CIC creates pictorial comparison of downtown Youngstown

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The CIC has created a pictorial comparison of downtown Youngstown from its low point to now_32412

YOUNGSTOWN, Ohio (WYTV) – The renaissance of downtown Youngstown, how it fell apart and was put back together again, has been well documented.

Recently, the Youngstown Central Area Community Improvement Corporation put together a pictorial presentation comparing downtown at is low point with where it is today.The offices of the Community Improvement Corporation are in the George Voinovich Building, overlooking the Museum of Industry and Labor and St. Columba Cathedral. Formed in 1988, the CIC promotes downtown Youngstown.

Regional Chamber of Commerce President Tom Humphries oversees the corporation and credits its start to former Youngstown Mayor Pat Ungaro.

“So he started taking those buildings that were boarded up, or roofs falling in, he took those properties and he put them in a portfolio,” Humphries said.

That portfolio started with 80 parcels and 50 buildings, all but one of which have been dealt with. To tout its accomplishments, the CIC compiled before and after pictures and showed off the presentation.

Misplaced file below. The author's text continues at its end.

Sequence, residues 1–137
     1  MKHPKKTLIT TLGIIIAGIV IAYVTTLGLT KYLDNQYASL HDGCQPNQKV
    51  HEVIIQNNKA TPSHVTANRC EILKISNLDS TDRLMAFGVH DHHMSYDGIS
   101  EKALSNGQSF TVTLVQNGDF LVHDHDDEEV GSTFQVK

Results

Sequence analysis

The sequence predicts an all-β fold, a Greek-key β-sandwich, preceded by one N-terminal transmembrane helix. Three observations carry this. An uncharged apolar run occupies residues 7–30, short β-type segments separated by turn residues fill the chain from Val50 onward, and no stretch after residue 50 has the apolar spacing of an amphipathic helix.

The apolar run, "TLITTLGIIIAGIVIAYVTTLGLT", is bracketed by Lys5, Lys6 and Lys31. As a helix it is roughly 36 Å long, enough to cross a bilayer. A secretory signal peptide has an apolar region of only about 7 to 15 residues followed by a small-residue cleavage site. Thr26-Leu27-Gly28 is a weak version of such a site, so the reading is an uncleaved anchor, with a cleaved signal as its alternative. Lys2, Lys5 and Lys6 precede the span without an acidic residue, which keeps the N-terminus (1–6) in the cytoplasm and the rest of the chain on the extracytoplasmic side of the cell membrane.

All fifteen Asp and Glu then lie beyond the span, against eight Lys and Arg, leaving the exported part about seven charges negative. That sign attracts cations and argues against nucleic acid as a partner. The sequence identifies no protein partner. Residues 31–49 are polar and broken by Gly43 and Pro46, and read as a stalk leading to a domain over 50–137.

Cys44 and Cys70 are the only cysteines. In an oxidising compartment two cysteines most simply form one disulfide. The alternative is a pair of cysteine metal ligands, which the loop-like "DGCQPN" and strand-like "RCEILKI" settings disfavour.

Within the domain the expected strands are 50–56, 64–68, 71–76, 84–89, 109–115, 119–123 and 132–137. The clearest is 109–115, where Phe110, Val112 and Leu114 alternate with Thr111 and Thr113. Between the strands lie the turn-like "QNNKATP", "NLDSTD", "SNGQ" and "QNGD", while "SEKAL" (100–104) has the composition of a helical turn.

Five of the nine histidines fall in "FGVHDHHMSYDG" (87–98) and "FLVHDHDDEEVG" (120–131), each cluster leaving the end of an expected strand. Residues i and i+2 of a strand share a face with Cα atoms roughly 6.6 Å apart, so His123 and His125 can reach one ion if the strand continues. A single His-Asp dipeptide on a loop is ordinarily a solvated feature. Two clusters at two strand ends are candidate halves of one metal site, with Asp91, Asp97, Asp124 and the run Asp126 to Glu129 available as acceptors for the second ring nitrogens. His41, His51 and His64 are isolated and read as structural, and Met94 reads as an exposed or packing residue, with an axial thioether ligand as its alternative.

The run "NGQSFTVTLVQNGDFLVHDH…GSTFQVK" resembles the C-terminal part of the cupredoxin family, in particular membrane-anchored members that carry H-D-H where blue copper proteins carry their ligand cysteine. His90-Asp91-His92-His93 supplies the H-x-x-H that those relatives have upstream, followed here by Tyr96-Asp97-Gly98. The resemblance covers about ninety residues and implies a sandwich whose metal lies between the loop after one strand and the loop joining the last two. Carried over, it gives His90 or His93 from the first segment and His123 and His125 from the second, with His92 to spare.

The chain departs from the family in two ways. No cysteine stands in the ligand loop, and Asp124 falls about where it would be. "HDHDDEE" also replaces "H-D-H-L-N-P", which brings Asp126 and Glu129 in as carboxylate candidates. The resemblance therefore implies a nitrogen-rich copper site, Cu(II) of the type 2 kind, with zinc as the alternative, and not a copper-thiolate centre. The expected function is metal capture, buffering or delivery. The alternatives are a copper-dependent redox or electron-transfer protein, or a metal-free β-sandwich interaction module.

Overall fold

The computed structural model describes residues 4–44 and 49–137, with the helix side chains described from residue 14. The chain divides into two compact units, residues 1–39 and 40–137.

The old McKelvey’s block is now occupied by the Voinovich Building and Mahoning County Children’s Services. Then there is the back of five buildings on West Federal Street, the front of which later became the 7th District Court of Appeals.

Half of another rundown parcel is now occupied by the Draught House. And Stone’s Grille later became the First Educator’s Investment Corporation. What was once McCrory’s department store later became the Oh Wow! Children’s Center for Science and Technology.

Several store fronts on West Federal Street would be cleared to become the Taft Technology Center. And the Semple Building next door was refurbished to become part of the Youngstown Business Incubator.

Some lots were expanded for parking, such as behind Powers Auditorium. And what used to be a parking lot next to Powers became the Ford Family Recital Hall.

Of those original 80 parcels and 50 buildings, only one remains. It is now known as the hole, where the old State Theater once stood. Everything else has been dealt with.

“That is outstanding. I don’t know another community that has moved as aggressively as this community has,” Humphries said.

Even though the CIC was formed 27 years ago, most of the work downtown has taken place just within the past 12 years. It took a long time to get organized, but once the redevelopment started, it moved along quickly.

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